University of South Africa, Pretoria
 Susan Grundy
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David Stork’s blunder

    


Artemisia Gentileschi's Penitent Magdalene (c.1615). A follower of Caravaggio makes a similar "hand blunder."

 



Leonardo da Vinci's Cartoon for the Virgin and St Anne (c.1499-1508, National Gallery, London). Leonardo sketches the hands and feet in a rudimentary fashion. He appears to have left those, presumably to patch later in with detailed studies. Hands and feet are notoriously difficult to do. Caravaggio and his follower Artemisia Gentileschi have rendered anatomically perfect hands with skilfully depicted foreshortening. The errors are in the relative disproportions.

 

Before addressing Stork’s particular rebuttal, try to suppose that this was a one-off lapse in Caravaggio’s concentration, a faux pas. Yet Artemisia Gentileschi (1593-c.1652), one of the most celebrated followers of Caravaggio, made a similar blunder in her Pitti Magdalene (c.1615, fig 2).5 In this canvas the Magdalene’s left hand is slightly larger than the right, although it is supposed to be further away. Could Artemisia have been using “artistic licence”? Even Hockney has allowed for this possibility in relation to Caravaggio’s Supper at Emmaus.6 Yet how does deliberate choice explain the fact that Artemisia did the same thing, completely unaccountably, in her Portrait of a Gonfaloniere (1622)?7 These are strange mistakes for artists of their supposed “divine” abilities to have been making.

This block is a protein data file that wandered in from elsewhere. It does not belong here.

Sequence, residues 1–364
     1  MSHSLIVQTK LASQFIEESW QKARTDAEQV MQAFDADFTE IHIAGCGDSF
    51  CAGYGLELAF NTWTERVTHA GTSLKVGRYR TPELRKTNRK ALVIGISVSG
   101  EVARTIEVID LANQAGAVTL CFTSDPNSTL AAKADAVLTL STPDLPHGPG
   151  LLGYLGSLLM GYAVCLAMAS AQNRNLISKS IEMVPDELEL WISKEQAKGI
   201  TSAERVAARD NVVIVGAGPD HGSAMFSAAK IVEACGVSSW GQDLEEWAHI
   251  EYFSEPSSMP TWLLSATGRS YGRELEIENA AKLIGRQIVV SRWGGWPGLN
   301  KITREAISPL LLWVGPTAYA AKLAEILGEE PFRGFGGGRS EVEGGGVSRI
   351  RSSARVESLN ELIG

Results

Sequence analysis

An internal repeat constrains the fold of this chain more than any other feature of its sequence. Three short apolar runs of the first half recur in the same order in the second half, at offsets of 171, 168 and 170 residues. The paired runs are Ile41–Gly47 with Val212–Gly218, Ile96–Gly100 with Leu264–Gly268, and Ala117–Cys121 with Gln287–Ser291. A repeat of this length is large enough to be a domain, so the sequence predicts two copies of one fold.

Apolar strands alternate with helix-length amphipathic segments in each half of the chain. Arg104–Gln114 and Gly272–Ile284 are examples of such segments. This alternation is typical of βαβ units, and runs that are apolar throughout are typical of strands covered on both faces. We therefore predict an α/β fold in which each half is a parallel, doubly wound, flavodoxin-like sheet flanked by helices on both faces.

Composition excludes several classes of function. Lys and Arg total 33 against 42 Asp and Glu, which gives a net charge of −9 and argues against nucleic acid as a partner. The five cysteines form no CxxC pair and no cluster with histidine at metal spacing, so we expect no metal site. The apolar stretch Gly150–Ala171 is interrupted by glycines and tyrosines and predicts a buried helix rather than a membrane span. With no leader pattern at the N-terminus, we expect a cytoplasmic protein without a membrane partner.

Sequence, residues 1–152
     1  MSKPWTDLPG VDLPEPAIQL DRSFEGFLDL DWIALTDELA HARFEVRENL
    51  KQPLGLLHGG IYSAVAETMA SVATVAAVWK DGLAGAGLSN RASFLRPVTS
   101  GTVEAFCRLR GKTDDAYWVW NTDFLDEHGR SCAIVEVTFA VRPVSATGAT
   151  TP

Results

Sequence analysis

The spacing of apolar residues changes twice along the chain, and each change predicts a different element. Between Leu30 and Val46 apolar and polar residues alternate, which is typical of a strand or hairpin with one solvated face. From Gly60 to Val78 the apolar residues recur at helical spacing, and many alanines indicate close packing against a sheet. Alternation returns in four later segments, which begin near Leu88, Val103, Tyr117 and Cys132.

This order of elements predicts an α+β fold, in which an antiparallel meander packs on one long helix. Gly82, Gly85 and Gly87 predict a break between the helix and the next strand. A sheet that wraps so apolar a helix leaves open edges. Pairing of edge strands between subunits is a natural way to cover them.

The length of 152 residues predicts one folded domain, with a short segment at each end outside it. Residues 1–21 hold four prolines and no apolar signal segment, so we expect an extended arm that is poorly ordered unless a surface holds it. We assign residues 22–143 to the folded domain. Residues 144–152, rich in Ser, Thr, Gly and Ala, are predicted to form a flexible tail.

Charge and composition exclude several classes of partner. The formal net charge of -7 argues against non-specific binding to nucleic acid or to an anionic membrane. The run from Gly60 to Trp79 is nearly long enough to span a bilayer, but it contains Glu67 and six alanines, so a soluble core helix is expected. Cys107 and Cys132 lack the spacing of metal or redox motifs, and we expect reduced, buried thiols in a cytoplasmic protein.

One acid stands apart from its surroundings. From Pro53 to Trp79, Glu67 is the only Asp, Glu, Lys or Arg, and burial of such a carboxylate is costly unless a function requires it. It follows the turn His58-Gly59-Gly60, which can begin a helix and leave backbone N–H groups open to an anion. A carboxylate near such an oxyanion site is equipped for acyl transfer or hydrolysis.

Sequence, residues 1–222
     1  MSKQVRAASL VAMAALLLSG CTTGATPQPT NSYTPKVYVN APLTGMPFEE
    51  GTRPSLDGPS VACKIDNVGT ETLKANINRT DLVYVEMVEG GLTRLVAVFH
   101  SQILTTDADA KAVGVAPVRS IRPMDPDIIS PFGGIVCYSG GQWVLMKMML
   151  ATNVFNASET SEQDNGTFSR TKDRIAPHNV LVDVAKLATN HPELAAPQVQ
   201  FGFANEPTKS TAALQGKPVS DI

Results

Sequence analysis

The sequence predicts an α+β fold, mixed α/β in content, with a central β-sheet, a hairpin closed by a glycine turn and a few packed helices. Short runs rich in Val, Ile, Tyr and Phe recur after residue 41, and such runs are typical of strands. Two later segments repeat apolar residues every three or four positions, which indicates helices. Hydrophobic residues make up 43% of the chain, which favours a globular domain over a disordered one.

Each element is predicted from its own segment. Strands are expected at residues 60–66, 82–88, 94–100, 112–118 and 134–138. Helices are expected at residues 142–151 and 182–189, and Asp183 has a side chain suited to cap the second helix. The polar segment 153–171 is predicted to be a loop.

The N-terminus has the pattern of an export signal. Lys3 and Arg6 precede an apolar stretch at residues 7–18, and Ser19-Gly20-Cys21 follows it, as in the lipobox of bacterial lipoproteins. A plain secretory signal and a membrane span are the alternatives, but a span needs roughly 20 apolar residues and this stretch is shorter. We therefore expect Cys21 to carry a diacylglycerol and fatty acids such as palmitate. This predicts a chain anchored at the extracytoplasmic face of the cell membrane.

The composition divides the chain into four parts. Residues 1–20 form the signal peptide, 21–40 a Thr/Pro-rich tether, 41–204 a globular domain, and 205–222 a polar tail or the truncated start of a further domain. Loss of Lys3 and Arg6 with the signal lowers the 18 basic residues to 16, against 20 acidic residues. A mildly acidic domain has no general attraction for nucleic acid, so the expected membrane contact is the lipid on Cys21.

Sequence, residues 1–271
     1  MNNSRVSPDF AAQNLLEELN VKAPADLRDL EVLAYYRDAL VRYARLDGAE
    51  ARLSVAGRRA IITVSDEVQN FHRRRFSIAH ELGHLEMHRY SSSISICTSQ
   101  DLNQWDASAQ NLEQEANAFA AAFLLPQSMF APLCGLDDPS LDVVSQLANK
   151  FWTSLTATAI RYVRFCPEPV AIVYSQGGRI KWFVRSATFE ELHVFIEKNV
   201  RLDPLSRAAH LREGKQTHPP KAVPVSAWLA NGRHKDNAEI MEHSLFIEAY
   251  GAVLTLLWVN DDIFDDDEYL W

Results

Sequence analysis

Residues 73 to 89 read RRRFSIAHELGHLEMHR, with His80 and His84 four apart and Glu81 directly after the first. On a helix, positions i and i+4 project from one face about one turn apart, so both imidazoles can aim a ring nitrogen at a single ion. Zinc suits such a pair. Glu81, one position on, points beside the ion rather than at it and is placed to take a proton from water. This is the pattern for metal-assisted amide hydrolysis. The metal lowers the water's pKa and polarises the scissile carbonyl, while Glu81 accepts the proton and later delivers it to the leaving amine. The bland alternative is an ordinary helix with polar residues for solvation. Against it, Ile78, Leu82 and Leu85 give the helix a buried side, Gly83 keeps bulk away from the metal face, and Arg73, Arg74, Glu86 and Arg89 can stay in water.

Yet Stork concludes that the Supper at Emmaus “presents a number of difficulties for the specific explanations of Mr Hockney and for the theory more generally,”8 and he attempts to contradict Hockney’s hand theory using pages of undoubtedly elegant math. Unfortunately Stork has used a concave lens (a shaving mirror) for his calculations rendering his conclusions irrelevant. Hockney states that by the time Caravaggio painted the Supper at Emmaus he would have been using a “new [biconvex] lens” (a magnifying glass).9 In the same article Stork also perpetuates the candle myth for Caravaggio. Our main description for the arrangement of Caravaggio’s studio comes from Mancini, a seventeenth-century physician and acquaintance of Caravaggio. He claimed that a “characteristic of [Caravaggio’s] school is lighting from one source only, beaming from above without reflection, as would occur from one window in a room with the walls painted black.”10 Why would Mancini state specifically that it was a window when he meant a lamp or Stork’s 1250 candles? Stork’s argument that the light source in Supper at Emmaus is fairly low would not preclude Caravaggio using a lower window and taking advantage of the long Mediterranean summer evenings in Rome, or using a plane mirror to re-direct natural sunlight.

 


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